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  5. Would you explain that increased use of resources, memory, etc might be for extra speed, security or caches? I found with distros and internet browsers, that the lightweights cannot handle multi-tasking nor long, intense actions very well.

    I only have one home laser printer: Brother 1430. On most distros, except the 'bunu-based distros, it is not listed in the repositories at all. When you review - could you check whether it recognizes old hardware: Logitech mouse, etc?

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  6. Nice review, but I would really like to see a write-up after 3-4 months. This should really be a rule when reviewing any rolling release distro. Many users report that Sabayon becomes unusable after several update cycles.

    ReplyDelete
    Replies
    1. What do you mean by that ? If you are upgrading your kernel version to a newer there is a specific order what you have to remove and upgrade. Updating the distro isn't going to break it, as I said upgrading to a newer kernel requires from the user to read the manual in their wiki page.

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  7. Nice review. I like the distribution comparative in terms of resources that you include in your reviews.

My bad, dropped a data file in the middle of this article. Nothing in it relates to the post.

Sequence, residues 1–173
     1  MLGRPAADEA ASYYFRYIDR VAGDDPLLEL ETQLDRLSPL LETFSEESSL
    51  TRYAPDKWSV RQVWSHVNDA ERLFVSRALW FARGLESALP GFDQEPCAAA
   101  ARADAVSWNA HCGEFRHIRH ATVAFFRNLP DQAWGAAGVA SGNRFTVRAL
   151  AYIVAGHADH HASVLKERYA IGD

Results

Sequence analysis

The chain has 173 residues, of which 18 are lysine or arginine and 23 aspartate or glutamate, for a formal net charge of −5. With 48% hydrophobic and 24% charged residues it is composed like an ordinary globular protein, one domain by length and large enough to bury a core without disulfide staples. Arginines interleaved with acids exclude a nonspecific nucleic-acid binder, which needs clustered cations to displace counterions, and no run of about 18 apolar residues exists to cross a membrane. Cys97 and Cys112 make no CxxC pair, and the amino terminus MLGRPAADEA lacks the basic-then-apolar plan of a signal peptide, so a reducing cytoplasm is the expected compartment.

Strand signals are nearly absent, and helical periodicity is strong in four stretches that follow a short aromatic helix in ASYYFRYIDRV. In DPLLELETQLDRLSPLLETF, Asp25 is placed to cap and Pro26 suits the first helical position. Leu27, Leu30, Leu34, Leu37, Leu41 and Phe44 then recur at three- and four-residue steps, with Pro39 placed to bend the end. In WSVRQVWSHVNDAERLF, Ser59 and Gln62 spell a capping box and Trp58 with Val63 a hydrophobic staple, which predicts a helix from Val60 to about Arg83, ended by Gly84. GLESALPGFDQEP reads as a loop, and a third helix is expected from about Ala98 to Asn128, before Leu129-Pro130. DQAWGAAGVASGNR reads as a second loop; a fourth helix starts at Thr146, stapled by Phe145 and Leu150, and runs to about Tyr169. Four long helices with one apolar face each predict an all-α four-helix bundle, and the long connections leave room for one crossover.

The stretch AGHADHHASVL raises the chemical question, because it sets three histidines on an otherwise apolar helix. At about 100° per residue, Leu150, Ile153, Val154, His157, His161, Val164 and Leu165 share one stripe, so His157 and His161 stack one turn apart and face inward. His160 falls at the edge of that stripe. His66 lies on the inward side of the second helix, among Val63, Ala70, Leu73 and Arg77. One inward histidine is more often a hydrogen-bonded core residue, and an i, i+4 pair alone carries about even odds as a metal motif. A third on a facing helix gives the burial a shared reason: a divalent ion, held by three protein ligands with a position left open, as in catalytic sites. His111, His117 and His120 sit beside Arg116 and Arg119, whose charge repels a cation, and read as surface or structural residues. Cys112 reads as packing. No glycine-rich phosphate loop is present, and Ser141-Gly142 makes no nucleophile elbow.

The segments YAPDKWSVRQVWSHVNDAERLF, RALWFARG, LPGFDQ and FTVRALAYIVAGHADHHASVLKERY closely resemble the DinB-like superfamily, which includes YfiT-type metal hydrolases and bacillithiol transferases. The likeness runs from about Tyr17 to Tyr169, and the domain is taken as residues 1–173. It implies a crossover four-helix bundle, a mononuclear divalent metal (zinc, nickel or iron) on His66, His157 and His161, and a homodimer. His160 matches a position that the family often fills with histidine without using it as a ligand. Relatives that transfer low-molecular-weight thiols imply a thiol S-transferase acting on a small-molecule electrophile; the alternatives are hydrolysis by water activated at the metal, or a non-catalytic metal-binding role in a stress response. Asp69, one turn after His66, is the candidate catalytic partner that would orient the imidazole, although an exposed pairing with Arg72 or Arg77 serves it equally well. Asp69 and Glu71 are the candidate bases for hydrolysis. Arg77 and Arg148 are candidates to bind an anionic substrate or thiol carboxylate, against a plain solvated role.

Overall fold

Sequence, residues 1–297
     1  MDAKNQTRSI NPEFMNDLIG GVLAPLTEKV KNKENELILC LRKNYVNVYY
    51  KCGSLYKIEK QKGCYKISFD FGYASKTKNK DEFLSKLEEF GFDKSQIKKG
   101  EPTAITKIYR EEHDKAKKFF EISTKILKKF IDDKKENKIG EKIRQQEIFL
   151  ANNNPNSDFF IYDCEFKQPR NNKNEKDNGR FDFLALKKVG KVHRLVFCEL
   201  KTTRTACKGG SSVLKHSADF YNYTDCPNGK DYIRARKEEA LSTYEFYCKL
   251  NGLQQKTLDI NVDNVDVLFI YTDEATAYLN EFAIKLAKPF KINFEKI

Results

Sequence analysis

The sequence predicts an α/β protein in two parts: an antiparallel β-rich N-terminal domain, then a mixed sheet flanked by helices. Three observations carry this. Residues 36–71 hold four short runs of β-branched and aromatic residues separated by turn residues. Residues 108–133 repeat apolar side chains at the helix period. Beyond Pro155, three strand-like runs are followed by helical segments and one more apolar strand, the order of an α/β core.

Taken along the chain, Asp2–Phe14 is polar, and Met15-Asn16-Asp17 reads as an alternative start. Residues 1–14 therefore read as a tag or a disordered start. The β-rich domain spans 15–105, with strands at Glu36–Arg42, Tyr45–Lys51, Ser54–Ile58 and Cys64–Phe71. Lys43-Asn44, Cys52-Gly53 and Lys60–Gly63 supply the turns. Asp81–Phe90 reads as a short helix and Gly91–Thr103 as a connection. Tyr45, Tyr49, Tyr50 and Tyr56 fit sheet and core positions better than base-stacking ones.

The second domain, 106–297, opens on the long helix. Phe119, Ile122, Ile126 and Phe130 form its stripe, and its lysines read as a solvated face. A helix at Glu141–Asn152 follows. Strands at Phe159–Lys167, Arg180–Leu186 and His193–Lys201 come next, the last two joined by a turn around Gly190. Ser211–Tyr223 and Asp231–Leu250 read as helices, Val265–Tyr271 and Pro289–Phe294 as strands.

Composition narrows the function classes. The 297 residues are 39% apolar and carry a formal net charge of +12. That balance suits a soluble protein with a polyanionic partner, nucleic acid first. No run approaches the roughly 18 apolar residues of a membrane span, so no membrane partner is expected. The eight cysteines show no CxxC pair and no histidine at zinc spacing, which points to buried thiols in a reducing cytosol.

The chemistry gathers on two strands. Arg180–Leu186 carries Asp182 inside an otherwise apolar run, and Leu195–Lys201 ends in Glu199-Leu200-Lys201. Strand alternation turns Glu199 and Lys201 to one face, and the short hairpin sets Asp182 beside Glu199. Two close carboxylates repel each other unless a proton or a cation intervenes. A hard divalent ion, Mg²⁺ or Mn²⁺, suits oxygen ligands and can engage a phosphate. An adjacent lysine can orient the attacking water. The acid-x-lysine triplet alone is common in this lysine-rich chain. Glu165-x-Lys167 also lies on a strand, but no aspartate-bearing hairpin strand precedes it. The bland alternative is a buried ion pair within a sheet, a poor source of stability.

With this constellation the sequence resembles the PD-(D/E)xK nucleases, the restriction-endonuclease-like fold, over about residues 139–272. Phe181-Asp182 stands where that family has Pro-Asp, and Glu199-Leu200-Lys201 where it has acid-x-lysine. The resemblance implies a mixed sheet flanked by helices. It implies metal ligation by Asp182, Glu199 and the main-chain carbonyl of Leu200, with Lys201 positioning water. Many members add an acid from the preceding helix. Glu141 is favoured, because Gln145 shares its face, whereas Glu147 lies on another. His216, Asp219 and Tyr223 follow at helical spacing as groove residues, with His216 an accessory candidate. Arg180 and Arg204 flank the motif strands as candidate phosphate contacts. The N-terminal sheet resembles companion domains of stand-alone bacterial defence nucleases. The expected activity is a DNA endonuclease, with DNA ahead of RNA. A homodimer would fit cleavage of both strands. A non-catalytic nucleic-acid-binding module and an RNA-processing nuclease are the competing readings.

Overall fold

I have been doing some testing of 64-bit KDE 4.10.x based distributions on my laptop and have found some similarities and trends that want to share:

    1. All the distros have tested on my 6 GB AMD machine so far had a memory usage of 490 MB+ as reported by kinfocenter. In terms of CPU and process count most of them are similar. Haven't looked at the method you use, but is nearly double the amount you describe for 32-bit systems. Which program you use to check the memory, is conky?

    2. As your findings PCLinuxOS is so far the cheapest in terms of RAM, 495 MB, all others have been 500 MB+. Haven't tested Mageia, waiting for release 3 which will have KDE 4.10.

    3. Memory used is dependent on the services KDE is using. Most distributions have Nepomuk Semantic Desktop enabled, but Akonadi is off. On the other hand, PCLinuxOS have Nepomuk disabled, and Akonadi is enabled and preconfigured.
    When turning Nepomuk On on PCLinuxOS, its memory went skyrocket by nearly 100MB.

    4. Fedora 18 was the black sheep of the bunch, with CPU spikes of over 37% on a constant frequency, and the number of process running was 170, compared to the 150-158 in the others: SUSE, Kubuntu, PCLinuxOS. What the heck is fedora doing in the background... no idea.

    5. On my system, PCLinuxOS feel a little laggy (dunno if caused by their old kernel). Notice it when scrolling pages, specially with the scroll bar in my laptop pad. But a plus, was the only one that copied the network configuration from the LiveCD, maybe because is the only one not using Network Manger. OpenSUSE and Kubuntu were the ones that felt more integrated. While yast is not a KDE app, it felt modern and as close as one. MCC always to me looked and felt like an old app. Even Chromium is configured on both to use Kwallet.